Theory of the effect of altered fluid mechanics on blood pressure.

In the walls of the carotid artery of the neck exists a baroreceptor (pressure sensor) called the carotid sinus. The carotid sinus monitors blood pressure by the amount of deformity detected in the walls of the carotid artery. Thus, when the pressure increases there is more stretch on the walls. This information is then sent to the brain via the glossopharyngeal nerve (cranial nerve IX) where it synapses at the nucleus tractus solitarius of the medulla oblongata and indirectly affects the heart rate through the hypothalamus via the vagus nerve (cranial nerve X).

Certain studies suggest that a manual stimulation of the carotid sinus can cause a drop in heart rate and ultimately a drop in blood pressure. For further information regarding the carotid body massage please visit the following link to be redirected to the New England journal of medicine:

This information is important in osteopathy as we sometimes find tissue tone to be increased in the area over the carotid sinus that may be placing pressure on. This pressure may potentially be contributing to a lower blood pressure in an individual as the pressure caused by the increased muscle tone may be interpreted by the sinus as an increase in blood pressure. Thus the body tries to correct this via its connection with autonomic nervous system of the heart to either increase or decrease its rate respectively.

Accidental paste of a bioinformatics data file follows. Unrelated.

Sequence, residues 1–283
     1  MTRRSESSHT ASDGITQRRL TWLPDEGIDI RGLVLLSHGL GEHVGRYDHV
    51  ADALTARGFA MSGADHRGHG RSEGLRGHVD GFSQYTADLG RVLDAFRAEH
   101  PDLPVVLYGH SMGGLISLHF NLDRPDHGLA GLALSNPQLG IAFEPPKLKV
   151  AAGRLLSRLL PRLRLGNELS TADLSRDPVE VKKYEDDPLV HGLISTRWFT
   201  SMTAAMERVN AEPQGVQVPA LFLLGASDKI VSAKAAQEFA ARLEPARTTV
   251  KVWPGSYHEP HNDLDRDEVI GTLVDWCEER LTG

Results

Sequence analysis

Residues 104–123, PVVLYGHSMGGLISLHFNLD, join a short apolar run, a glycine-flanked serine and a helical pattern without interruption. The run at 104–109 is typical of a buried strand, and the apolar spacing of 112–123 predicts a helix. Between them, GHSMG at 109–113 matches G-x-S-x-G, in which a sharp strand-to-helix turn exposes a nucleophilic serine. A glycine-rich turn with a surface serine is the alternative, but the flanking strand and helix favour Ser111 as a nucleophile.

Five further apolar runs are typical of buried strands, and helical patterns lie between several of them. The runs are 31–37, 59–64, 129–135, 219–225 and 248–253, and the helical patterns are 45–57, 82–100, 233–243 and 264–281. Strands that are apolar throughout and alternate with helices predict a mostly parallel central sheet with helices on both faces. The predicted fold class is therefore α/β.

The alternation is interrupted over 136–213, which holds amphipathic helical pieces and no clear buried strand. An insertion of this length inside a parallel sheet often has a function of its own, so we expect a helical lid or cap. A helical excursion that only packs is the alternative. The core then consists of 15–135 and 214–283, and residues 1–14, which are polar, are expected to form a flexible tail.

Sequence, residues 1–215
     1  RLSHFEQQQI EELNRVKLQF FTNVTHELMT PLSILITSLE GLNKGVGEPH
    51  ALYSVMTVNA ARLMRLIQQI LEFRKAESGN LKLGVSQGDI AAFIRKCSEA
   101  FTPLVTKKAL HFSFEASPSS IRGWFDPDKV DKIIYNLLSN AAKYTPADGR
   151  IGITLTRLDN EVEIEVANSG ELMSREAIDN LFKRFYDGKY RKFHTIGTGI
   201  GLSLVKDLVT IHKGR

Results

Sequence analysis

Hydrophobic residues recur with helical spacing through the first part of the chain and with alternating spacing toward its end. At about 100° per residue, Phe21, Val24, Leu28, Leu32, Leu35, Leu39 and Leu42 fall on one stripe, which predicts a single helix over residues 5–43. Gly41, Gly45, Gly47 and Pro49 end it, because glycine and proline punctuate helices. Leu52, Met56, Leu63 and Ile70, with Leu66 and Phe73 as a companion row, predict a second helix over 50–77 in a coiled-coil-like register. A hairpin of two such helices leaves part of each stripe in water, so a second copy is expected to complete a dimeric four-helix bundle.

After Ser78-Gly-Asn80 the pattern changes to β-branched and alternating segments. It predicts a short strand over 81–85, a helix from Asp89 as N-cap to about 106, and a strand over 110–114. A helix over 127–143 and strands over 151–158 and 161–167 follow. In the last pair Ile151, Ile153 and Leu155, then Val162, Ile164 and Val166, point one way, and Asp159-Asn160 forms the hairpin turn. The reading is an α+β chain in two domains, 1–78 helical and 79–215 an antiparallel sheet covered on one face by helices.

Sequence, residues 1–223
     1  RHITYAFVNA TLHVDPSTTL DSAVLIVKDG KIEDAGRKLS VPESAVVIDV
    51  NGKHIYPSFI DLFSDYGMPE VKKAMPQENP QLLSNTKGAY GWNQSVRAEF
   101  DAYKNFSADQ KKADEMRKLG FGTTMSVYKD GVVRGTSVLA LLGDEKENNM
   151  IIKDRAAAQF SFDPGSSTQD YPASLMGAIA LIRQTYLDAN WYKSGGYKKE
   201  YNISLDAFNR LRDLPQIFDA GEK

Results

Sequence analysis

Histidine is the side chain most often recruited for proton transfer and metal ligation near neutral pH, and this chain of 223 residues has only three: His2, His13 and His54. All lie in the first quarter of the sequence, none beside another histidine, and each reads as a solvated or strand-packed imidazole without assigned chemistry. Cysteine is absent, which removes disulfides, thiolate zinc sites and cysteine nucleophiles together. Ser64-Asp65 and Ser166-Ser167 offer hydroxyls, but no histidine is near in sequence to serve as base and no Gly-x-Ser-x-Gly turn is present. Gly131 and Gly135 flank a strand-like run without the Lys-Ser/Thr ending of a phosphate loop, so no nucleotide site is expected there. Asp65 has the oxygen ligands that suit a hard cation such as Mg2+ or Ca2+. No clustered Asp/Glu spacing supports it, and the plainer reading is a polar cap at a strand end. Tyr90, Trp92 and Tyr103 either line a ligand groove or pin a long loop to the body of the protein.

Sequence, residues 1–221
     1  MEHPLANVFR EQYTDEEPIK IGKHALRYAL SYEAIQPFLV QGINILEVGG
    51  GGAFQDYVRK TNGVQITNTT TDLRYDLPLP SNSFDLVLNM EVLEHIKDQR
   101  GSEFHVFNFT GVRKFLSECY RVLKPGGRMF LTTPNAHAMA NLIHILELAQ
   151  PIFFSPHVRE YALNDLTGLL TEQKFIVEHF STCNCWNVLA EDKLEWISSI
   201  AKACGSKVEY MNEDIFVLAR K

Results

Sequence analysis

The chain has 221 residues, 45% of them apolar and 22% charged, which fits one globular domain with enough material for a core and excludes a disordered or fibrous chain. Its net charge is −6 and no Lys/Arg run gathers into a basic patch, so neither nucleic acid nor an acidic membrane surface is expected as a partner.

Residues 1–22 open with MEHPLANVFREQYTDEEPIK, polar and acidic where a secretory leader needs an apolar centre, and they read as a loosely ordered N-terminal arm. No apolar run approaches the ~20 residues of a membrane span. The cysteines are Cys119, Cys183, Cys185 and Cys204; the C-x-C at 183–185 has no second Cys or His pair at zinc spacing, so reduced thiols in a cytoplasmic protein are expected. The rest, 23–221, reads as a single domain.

This would mean that not only would a shortening of the overlying musculature place pressure on the carotid sinus, but a back-up of fluid in the neck would also create a similar pressure with a similar outcome.

Therefore, in terms of how this may be addressed with osteopathy is by reducing the amount of tension and pressure in the neck with the intention of changing the physiology based on a change in the anatomy. Please note that osteopathy does not treat blood pressure issues. Osteopathy does, however, treat the body based on objective anatomical findings.

Please note that there is currently no measurable evidence or journal articles that exist to support how osteopathic manipulation can influence blood pressure. However, the anatomical and physiological connection are valid and do exist.

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